The British government proposed Thursday an amendment to its universal jurisdiction law, which will effectively prevent Israeli leaders from being slapped with war crimes arrest warrants upon arrival in the United Kingdom.
The government is now seeking to change the law so that only the Crown Prosecution Service will now evaluate the merits of any case brought under international law.
Such a change would not mean that Israelis could never be prosecuted in Britain for war crimes under universal jurisdiction – but it would make such a process more difficult and rare.
If the proposal is passed - something which parliament will look at in October and may take many months to go through - it would spell a certain victory for the Israelis, who have been pushing for even more dramatic changes.
Israel’s ambassador to the U.K., Ron Prosor, welcomed the initiative and said it was a “step in the right direction" which would “block the misuse of the system for political purposes”.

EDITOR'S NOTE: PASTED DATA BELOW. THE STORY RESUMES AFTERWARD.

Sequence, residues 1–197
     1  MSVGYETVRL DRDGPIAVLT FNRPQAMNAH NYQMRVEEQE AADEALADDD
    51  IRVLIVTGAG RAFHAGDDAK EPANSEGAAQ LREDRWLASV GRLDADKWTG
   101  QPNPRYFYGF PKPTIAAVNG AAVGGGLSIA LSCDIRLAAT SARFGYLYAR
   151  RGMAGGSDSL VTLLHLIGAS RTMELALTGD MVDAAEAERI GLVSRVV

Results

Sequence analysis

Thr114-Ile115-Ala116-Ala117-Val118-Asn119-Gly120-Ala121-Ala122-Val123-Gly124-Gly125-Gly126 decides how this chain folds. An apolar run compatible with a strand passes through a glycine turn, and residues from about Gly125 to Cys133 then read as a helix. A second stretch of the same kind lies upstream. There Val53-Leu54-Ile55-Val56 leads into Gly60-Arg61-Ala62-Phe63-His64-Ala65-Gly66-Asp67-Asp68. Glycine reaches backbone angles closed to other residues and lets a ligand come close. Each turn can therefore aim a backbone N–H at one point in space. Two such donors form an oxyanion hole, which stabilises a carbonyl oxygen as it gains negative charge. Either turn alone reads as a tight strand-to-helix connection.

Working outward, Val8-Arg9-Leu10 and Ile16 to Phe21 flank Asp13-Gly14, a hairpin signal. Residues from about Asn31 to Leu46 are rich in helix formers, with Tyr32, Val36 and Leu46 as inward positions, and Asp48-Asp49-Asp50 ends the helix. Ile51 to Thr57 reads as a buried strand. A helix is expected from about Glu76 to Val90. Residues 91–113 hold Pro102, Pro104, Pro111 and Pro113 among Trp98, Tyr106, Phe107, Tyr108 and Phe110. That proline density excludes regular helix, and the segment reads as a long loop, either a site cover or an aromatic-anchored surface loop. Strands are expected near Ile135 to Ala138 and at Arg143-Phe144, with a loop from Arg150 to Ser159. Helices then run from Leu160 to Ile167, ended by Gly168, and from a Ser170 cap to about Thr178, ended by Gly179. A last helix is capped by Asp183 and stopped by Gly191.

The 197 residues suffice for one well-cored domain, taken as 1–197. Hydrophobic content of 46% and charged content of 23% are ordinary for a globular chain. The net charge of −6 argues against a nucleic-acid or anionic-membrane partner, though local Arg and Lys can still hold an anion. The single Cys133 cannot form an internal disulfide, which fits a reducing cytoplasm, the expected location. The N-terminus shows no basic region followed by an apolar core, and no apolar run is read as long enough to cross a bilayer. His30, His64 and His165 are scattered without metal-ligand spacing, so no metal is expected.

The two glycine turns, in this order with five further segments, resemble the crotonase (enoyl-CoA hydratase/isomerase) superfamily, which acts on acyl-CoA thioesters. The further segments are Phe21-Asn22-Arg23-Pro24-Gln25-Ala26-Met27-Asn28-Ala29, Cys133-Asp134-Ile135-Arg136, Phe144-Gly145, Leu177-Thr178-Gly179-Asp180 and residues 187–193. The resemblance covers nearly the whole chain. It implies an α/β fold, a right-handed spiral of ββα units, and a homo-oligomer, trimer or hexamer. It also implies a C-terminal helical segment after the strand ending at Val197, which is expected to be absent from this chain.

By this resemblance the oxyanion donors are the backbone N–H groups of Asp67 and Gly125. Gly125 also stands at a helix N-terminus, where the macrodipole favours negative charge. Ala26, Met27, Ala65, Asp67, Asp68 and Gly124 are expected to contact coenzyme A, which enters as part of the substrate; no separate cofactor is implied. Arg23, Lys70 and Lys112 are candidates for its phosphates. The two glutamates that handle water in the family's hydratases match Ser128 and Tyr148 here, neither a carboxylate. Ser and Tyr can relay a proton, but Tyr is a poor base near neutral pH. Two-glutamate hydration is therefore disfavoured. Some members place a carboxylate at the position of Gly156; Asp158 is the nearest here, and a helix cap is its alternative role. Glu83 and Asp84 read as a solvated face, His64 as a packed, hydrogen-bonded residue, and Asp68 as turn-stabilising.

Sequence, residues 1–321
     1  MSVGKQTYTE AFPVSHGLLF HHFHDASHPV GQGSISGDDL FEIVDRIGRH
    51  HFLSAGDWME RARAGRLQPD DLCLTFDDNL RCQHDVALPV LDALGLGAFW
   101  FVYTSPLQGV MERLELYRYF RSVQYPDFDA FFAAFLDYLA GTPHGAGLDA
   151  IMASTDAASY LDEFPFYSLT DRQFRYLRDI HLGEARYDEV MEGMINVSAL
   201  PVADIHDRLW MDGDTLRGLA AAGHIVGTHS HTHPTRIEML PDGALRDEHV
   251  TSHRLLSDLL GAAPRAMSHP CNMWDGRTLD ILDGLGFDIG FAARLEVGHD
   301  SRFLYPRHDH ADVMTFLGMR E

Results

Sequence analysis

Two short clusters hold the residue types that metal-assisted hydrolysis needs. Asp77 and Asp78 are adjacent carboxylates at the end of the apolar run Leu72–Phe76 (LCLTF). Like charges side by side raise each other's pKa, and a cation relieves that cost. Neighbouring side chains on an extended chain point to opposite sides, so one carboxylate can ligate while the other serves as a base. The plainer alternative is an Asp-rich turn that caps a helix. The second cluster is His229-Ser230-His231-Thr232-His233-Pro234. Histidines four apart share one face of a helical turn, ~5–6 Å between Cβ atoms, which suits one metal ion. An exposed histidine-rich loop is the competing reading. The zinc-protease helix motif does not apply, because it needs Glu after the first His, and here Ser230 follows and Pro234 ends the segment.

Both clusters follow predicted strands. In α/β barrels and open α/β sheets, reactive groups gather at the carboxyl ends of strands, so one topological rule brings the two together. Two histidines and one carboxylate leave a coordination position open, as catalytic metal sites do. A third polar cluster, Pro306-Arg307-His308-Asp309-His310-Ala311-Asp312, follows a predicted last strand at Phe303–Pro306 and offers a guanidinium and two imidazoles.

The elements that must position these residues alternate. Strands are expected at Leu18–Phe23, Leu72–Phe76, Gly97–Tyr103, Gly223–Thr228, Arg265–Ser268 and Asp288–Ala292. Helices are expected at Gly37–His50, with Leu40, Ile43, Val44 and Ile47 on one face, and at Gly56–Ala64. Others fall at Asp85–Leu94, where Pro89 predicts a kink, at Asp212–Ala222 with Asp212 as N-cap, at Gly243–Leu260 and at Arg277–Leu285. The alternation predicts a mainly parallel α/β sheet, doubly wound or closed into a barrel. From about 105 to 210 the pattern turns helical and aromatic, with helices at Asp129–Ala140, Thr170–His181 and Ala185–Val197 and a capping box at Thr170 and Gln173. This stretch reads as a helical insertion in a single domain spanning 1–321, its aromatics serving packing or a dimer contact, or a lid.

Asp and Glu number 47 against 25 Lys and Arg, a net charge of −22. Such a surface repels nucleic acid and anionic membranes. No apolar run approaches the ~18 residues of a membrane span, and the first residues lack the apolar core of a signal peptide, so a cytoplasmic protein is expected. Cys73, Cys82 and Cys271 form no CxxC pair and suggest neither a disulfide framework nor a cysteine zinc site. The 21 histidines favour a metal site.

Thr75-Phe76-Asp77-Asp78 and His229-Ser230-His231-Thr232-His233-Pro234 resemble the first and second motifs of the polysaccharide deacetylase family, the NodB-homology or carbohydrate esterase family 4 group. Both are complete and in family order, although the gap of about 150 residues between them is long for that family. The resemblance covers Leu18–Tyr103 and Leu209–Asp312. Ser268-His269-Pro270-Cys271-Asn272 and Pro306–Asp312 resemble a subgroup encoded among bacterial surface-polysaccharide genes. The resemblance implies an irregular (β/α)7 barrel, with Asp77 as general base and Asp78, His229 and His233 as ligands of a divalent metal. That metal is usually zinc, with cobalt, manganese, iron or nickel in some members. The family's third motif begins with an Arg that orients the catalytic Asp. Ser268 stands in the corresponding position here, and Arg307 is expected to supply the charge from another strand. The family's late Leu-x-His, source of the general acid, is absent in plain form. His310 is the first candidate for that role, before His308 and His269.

Prosor added that if Britain “followed through” and passed the resolution, it would “assist in allowing Britain play an important role in the peace process in the Middle East, something which has been prevented at the moment.”
The British Foreign ministry declined to comment on the matter Wednesday, as the proposal had not yet been brought in front parliament. “Addressing issues around universal jurisdiction remains a priority for this government,” an official there said.
Former British prime minister Gordon Brown announced in March the government's initial plans to stop politically-motivated campaign groups from securing arrest warrants for visiting foreign officials.
Under the current system, British magistrates are obliged to consider an arrest warrant case presented by any individual.
This move follows an uproar last December when Kadima party leader Tzipi Livni canceled a trip to London because a pro-Palestinian group secured an arrest warrant for alleged crimes committed in Gaza. Defense Minister Ehud Barak and former public security minister Avi Dichter faced similar threats prior to their trips to the United Kingdom.
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